Dating Paul's letters

Discussion about the New Testament, apocrypha, gnostics, church fathers, Christian origins, historical Jesus or otherwise, etc.
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MrMacSon
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Re: Dating Paul's letters

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Stuart wrote: Sun Jun 06, 2021 2:09 pm Neil,

I think you dodged the main question, which is explain what you mean by a factory. Is there a directive going on? To me that seems rather conspiratorial, so I'm disinclined to accept such speculation.

That is the conceptual problem I see.
neilgodfrey wrote: Sun Jun 06, 2021 4:25 pm
You used the word "factory" but I prefer the word "scribal schools" which one finds often enough in the literature. I don't know where anything conspiratorial enters the question. We do know that there were scribal debates relating to the writings in the second temple era and afterwards.

With respect to the OT writings we see at some point a collation of different ideas within a single writing so that contradictions exist side by side (e.g. creation in Genesis 1 and 2). Leaving motives and intentions aside, do we not see some indications of a comparable process with NT writings -- though in the case of the gospels we find contradictory accounts accepted into a single canon.

(You said I was studying the letters as finished wholes -- but my illustrations have only ever addressed subsections. I would have thought that if a section is cogently explained, and with extensive detail, as originating as a coherent literary unit then it is more likely than not to have been composed originally as such a unit. I would have thought such a study to be useful when undertaking a quest to see what line was original, what secondary, etc.)

There are other options to consider besides "scribal schools".

In antiquity there were exercises in rhetoric and, supposedly, even schools in rhetoric -

.
...the secondary school, or school of grammar, centered on readings from classical authors as elucidated by explanations from all areas of knowledge. The school of rhetoric gave students a practical mastery of the art of the word. The beginning program of studies in schools of rhetoric consisted of progymnasmata, which were preliminary exercises in the composition of fables, narratives, chrias, maxims, refutations and confirmations of stories, amplifications, and reproofs. The basic course included declamationes, speeches on invented topics, in the form of exhortations (suasoriae) or addresses in fictitious legal cases (controversiae). The school of rhetoric was intended to prepare its pupils primarily for a political career—which was impossible without the skill of oratory—but as time passed, the school’s cultivation of verbal art became a goal in itself; this drew sharp criticism from practical orators, including Cicero, Quintilian, and Tacitus.

The rhetorical school exerted a great influence on late classical literature.

https://encyclopedia2.thefreedictionary ... +School+of
.


Moreover, students in more general schools in higher echelons of Greco-Roman society progressed through stages -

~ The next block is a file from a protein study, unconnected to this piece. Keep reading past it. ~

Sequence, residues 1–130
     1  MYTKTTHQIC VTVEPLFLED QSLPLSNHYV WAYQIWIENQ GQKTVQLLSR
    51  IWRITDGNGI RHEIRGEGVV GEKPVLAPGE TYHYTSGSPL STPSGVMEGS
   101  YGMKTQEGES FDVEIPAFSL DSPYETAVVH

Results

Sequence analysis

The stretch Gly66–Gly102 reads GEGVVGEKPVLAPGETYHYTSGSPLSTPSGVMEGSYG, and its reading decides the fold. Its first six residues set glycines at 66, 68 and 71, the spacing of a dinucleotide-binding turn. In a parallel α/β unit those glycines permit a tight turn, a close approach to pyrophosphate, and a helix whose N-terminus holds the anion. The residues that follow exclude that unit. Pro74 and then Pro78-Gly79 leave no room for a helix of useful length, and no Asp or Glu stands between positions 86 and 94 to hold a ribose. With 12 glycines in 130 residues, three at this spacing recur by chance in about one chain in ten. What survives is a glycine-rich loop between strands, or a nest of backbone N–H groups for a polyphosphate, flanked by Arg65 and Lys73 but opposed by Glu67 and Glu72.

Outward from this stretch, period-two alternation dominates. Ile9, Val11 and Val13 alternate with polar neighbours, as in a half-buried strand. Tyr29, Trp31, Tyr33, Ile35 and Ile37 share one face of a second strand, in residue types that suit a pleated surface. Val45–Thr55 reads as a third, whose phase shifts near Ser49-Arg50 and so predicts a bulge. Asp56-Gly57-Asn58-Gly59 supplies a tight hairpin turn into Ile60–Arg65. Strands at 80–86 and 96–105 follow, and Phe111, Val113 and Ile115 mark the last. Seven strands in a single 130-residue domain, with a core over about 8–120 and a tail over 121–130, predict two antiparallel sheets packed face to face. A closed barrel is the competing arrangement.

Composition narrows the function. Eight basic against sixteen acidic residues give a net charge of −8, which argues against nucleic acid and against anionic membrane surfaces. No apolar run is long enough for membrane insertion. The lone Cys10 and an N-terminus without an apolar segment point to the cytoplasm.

.
Grammaticus
Main article: Grammarian (Greco-Roman world)

At between nine and twelve years of age, boys from affluent families would leave their 'litterator' behind and take up study with a Grammaticus, who honed his students' writing and speaking skills, versed them in the art of poetic analysis, and taught them Greek if they did not yet know it. Poetry analysis continued to use the same poems and poets the students were exposed to in Ludus, such as Phoenissae by Euripides. By this point, lower-class boys would already be working as apprentices, and girls—rich or poor—would be focused on making themselves attractive brides and, subsequently, capable mothers.

Daily activities included lectures by the Grammaticus (narratio), expressive reading of poetry (Lectio) and the analysis of poetry (partition). The curriculum was thoroughly bilingual, as students were expected to both read and speak in Greek as well as in Latin. Assessment of a student's performance was done on-the-spot and on-the-fly according to standards set by his particular Grammaticus, as no source on Roman education ever mentions work taken away to be graded. Instead, pupils would complete an exercise, display their results, and be corrected or congratulated as needed by the Grammaticus, who revelled in his self-perception as a "guardian of language". ....

... the freedman Marcus Verrius Flaccus...gained imperial patronage [being hired by Augustus] and a widespread tutelage due to his novel practice of pitting students of similar age and ability against each other and rewarding the winner with a prize, usually an old book of some rarity.


Rhetor

The rhetor was the final stage in Roman education. Very few boys went on to study rhetoric ...

The orator, or student of rhetoric, was important in Roman society because of the constant political strife that occurred throughout Roman history. Young men who studied under a rhetor would not only focus on public speaking. These students also learned other subjects such as geography, music, philosophy, literature, mythology, and geometry. These well-rounded studies gave Roman orators a more diverse education and helped prepare them for future debates ...